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Hillesheim v. Holiday Stationstores, Inc.

United States Court of Appeals, Eighth Circuit

August 17, 2018

Zach Hillesheim Plaintiff- Appellant
v.
Holiday Stationstores, Inc. Defendant-Appellee

          Submitted: June 12, 2018

          Appeal from United States District Court for the District of Minnesota - Minneapolis

          Before WOLLMAN, ARNOLD, and STRAS, Circuit Judges.

          STRAS, CIRCUIT JUDGE.

         Zach Hillesheim alleges that Holiday Stationstores discriminated against him by failing to have an accessible parking lot at one of its stores. Hillesheim's complaint identifies three alleged problems with the parking lot, each giving rise to a separate claim. For two of the three claims, Hillesheim suffered no injury, so we vacate the district court's decision and instruct the court on remand to return them to state court. We remand the third claim, even though Hillesheim has standing to assert it, to allow the district court to consider whether to send it back to state court with the others.

         I.

         Hillesheim is paralyzed from the waist down and uses a wheelchair for mobility. When Hillesheim visited a Holiday store in Mankato, Minnesota, he observed that the store's two handicap-accessible parking spaces were not marked with vertical sign posts. One of the spaces also lacked an adjacent access aisle, which provides extra room for individuals with disabilities to move in and out of their vehicles. Also present was a garbage can near the top of the curb ramp leading into the store. Hillesheim claims that he could not have safely navigated the ramp in his wheelchair, so instead of risking injury, he decided not to enter the store. These three alleged defects are at the heart of this lawsuit.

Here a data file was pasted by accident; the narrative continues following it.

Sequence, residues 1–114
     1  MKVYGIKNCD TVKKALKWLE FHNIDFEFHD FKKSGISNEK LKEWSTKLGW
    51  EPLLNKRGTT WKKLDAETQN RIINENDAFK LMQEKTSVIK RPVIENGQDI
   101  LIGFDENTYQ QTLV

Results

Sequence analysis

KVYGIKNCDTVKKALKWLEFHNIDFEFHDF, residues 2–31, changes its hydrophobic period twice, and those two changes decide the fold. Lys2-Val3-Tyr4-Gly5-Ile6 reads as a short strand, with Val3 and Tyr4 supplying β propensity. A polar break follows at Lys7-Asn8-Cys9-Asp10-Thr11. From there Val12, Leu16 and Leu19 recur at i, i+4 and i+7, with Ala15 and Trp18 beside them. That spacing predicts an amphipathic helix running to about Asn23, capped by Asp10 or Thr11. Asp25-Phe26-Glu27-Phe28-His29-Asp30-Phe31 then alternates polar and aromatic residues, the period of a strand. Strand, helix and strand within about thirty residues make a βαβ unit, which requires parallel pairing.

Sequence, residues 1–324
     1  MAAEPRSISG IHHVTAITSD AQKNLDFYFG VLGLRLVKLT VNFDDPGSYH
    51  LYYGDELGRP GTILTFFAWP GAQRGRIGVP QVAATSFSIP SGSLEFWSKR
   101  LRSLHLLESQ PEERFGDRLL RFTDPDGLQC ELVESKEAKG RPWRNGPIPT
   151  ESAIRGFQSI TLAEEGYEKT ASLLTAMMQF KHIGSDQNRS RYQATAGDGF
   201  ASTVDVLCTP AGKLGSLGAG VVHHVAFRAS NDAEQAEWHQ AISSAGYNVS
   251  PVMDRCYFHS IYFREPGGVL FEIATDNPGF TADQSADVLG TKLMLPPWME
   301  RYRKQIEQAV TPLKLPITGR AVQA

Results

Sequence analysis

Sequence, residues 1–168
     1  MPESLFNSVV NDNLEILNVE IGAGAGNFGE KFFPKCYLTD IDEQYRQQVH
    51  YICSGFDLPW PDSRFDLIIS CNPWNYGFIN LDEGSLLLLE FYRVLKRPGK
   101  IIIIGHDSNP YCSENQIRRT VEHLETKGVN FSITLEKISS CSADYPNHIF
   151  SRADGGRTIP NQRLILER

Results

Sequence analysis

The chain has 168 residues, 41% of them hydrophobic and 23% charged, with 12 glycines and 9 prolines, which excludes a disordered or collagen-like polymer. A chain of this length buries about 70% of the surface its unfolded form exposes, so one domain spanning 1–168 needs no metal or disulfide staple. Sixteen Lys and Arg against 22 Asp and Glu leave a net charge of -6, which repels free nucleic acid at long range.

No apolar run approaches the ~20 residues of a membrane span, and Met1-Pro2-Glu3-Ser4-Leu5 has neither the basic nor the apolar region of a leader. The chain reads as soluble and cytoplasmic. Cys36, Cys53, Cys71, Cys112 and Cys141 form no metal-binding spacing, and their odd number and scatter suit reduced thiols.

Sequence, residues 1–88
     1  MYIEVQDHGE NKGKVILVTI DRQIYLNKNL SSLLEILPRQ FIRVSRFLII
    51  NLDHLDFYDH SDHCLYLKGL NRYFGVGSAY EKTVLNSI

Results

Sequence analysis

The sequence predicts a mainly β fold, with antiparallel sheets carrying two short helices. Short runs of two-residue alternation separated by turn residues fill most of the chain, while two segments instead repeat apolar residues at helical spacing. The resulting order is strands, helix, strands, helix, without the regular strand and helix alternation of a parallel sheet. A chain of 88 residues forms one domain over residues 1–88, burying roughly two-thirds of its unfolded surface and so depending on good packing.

Holiday inspected the parking lot and fixed the alleged defects. It removed the handicap-accessible space lacking an access aisle because it determined that the Americans with Disabilities Act ("ADA") only required it to have one space, not two, given the size of the parking lot. It also placed an ADA-compliant vertical sign above the remaining space and removed the garbage can from the curb ramp out of an "abundance of care."

         Before Holiday made these changes, however, Hillesheim filed a lawsuit in state court, alleging violations of the ADA and the Minnesota Human Rights Act ("MHRA"). Holiday removed the case to federal court. See 28 U.S.C. §§ 1331, 1367, 1441(a). After the close of discovery, Holiday filed a motion for summary judgment in which it asked the district court to dismiss the case for lack of subject-matter jurisdiction. Hillesheim conceded that Holiday's remedial measures, completed after Holiday removed the case to federal court, had mooted his ADA claims. He did not budge on his MHRA claims, however, arguing that he had standing to assert them because the lack of access to the store had injured him. But he nonetheless urged the district court to return the MHRA claims to state court because no federal claims remained.

         The district court granted Holiday's motion for summary judgment. In addition to dismissing Hillesheim's ADA claims, the court dismissed Hillesheim's MHRA claims with prejudice rather than remanding them to state court. On appeal, Hillesheim challenges the court's treatment of his MHRA claims.

         II.

         We review de novo the district court's determination that Hillesheim lacked Article III standing. Park v. Forest Serv. of the U.S., 205 F.3d 1034, 1036 (8th Cir. 2000). To pursue state-law claims in federal court, a party must prove that it has standing under Article III's case-or-controversy requirement. U.S. Const. art. III, § 2, cl. 1; Hughes v. City of Cedar Rapids, 840 F.3d 987, 993 (8th Cir. 2016).

         To meet the "irreducible constitutional minimum" for Article III standing: (1) a plaintiff must have suffered an "injury in fact," (2) that is "fairly traceable to the challenged conduct," and (3) is "likely to be redressed by a favorable judicial decision." Spokeo, Inc. v. Robins, 136 S.Ct. 1540, 1547 (2016) (citation omitted). The parties dispute only the existence of the first requirement: whether Hillesheim suffered an injury-in-fact that is sufficiently concrete and particularized, not conjectural or hypothetical. See id. at 1547-48.

         At summary judgment, Hillesheim had to do more than just rely on the allegations from his complaint, because "[a] party invoking federal jurisdiction must support each of the standing requirements with the same kind and degree of evidence at the successive stages of litigation as any other matter." Constitution Party of S.D.v. Nelson, 639 F.3d 417, 420 (8th Cir. 2011). Hillesheim accordingly had to offer evidence in response to Holiday's summary-judgment motion establishing that each ...


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